Send a Tweet
Most Popular Choices
Share on Facebook 39 Share on Twitter Printer Friendly Page More Sharing
OpEdNews Op Eds   

U.N. Report Condemns Torture of Assange

By       (Page 1 of 3 pages)   No comments
Message Robert Scheer
Become a Fan
  (26 fans)

From Truthdig

Julian Assange and the future of WikiLeaks
Julian Assange and the future of WikiLeaks
(Image by YouTube, Channel: CGTN)
  Details   DMCA

While it is rare that publishers themselves make headlines, reports about WikiLeaks founder Julian Assange now probably outnumber articles based on the information he published. This is the extent to which the man behind some of the most shocking revelations about U.S. war crimes has come under public scrutiny. Despite the profound journalistic importance of the work Assange and whistleblower Chelsea Manning have done, the two have been smeared, persecuted and imprisoned in an effort to "shoot the messenger," which effectively distracts from their revelations and works to undermine their credibility.

The mass media has played into this character assassination while both Manning and Assange are in jail, and instead of refusing to treat this as one of the most egregious assaults on press freedom, it has largely turned their back on the victims. Now, the media's reporting has been revealed to have done something even more damaging than destroy Assange's reputationit has served to torture him.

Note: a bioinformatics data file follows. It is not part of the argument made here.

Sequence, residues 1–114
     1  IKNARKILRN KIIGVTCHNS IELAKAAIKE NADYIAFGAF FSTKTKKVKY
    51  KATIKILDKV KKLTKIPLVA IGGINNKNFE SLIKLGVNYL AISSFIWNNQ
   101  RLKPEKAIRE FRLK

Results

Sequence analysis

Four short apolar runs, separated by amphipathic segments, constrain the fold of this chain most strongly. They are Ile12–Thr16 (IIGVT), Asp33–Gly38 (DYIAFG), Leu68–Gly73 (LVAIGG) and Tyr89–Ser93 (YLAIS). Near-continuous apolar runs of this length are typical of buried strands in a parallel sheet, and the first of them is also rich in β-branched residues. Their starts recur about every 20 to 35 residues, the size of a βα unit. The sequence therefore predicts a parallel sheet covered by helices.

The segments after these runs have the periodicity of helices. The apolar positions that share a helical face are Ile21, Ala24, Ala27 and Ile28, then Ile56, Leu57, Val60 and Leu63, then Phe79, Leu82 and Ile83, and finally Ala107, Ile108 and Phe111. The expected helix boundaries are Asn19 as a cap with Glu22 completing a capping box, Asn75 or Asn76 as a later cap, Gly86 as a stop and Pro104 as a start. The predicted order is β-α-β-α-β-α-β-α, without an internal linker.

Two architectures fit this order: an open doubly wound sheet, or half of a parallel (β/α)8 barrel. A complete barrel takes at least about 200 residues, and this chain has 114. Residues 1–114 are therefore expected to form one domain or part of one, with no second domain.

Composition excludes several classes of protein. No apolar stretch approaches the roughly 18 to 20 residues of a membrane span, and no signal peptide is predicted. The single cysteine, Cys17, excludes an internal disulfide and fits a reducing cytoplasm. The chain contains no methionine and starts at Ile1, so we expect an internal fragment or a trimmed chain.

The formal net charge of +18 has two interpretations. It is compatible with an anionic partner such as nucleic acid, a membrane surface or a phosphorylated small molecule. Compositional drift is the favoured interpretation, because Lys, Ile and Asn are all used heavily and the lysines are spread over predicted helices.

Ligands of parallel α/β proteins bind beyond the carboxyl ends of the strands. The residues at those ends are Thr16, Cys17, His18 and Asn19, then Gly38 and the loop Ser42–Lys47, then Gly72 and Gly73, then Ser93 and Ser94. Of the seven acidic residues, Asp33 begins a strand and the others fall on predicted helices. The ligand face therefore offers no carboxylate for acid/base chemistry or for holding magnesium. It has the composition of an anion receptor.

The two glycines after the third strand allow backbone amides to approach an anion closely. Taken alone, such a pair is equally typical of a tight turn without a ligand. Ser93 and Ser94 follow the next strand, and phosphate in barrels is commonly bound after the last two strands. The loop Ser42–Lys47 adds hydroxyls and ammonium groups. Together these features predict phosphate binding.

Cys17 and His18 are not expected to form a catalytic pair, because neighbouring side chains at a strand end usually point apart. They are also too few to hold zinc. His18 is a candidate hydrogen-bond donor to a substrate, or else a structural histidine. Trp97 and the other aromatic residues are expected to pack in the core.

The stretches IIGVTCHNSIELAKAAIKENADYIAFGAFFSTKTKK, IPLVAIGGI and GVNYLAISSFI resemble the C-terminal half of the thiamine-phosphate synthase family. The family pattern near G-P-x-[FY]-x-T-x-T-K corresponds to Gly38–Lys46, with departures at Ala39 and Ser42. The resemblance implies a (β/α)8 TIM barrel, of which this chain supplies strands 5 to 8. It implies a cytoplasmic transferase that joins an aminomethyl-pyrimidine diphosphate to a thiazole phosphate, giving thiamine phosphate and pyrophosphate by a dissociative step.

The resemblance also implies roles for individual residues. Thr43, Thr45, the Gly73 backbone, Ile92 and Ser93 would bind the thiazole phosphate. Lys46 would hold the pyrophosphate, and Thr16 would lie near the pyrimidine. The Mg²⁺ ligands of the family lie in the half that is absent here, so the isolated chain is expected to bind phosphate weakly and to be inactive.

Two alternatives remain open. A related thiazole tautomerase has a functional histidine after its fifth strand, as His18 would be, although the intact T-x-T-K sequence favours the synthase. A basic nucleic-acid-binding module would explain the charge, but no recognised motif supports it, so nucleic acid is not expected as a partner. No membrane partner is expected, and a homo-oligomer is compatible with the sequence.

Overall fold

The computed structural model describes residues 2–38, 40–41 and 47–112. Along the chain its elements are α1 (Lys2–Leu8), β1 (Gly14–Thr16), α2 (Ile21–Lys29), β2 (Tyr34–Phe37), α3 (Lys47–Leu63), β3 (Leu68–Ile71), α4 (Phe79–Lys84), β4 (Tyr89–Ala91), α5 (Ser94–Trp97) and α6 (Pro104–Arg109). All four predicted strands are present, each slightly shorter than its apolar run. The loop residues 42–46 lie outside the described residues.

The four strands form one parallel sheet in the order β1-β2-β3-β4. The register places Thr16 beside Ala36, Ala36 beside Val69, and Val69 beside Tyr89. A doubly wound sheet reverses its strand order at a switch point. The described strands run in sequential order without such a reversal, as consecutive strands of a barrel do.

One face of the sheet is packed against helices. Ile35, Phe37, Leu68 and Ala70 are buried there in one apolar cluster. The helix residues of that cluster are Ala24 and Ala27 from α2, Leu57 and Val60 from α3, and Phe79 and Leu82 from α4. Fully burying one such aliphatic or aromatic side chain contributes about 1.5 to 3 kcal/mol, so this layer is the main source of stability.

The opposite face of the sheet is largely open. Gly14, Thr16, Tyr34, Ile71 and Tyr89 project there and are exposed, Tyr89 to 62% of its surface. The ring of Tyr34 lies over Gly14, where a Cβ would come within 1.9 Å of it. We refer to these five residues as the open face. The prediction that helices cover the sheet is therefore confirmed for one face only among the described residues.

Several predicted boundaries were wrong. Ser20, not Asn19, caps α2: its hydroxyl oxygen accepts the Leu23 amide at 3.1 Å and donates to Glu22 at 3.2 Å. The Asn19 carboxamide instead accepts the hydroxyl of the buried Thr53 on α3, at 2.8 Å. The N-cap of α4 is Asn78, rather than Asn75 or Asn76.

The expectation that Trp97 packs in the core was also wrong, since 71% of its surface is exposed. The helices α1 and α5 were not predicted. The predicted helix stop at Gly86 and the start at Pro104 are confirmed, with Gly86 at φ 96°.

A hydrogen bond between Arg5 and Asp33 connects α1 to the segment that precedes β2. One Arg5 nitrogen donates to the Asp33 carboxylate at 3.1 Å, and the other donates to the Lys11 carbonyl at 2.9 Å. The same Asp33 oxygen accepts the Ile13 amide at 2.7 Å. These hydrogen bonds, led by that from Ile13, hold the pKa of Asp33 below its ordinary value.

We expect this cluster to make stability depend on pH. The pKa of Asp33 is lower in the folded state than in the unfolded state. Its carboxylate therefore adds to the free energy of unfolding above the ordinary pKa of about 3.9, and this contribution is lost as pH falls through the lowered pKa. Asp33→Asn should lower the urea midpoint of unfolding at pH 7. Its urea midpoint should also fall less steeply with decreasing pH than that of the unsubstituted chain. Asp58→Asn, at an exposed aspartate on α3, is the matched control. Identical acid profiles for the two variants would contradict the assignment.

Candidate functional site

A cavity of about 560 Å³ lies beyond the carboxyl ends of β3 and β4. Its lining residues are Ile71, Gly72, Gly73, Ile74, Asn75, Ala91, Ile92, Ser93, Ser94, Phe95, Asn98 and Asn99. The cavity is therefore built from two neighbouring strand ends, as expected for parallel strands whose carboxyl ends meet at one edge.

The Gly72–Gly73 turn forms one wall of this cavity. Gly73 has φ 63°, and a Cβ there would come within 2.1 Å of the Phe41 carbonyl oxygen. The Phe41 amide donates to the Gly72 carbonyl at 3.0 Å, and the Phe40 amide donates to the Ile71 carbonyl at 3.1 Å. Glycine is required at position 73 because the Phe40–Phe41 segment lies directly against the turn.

That is the conclusion Nils Melzer, the United Nations Special Rapporteur on Torture and other Cruel, Inhuman or Degrading Treatment or Punishment, and two medical experts who examined the WikiLeaks founder came to, according to a recent piece by Melzer published on Medium titled "Demasking the Torture of Julian Assange." While initially hesitant to meet with Assange after he was detained in the United Kingdom where he had been living in the Ecuadorian Embassy for several years, Melzer ultimately decided to do so, despite having formed negative opinions about Assange based on widespread media coverage of the man.

"Basically, I didn't take [the request to examine Assange] seriously," Melzer tells Truthdig Editor in Chief Robert Scheer on the latest installment of Scheer's podcast, "Scheer Intelligence." "It took a second attempt to kind of shake me a little bit and say, [I] need to look at this. Once I opened the book and started looking at the actual evidence and facts for all these nametags that are being circulated in the press, I was shocked to see that there was very little substance that actually supported these qualifications."

Click Here to Read Whole Article